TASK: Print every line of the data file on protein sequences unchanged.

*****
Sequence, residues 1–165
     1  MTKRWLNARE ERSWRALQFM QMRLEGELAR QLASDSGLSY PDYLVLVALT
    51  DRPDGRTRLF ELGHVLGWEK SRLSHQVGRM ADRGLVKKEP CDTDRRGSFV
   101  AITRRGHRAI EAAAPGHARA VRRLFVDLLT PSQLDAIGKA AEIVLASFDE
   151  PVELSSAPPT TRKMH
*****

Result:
Sequence, residues 1–165
     1  MTKRWLNARE ERSWRALQFM QMRLEGELAR QLASDSGLSY PDYLVLVALT
    51  DRPDGRTRLF ELGHVLGWEK SRLSHQVGRM ADRGLVKKEP CDTDRRGSFV
   101  AITRRGHRAI EAAAPGHARA VRRLFVDLLT PSQLDAIGKA AEIVLASFDE
   151  PVELSSAPPT TRKMH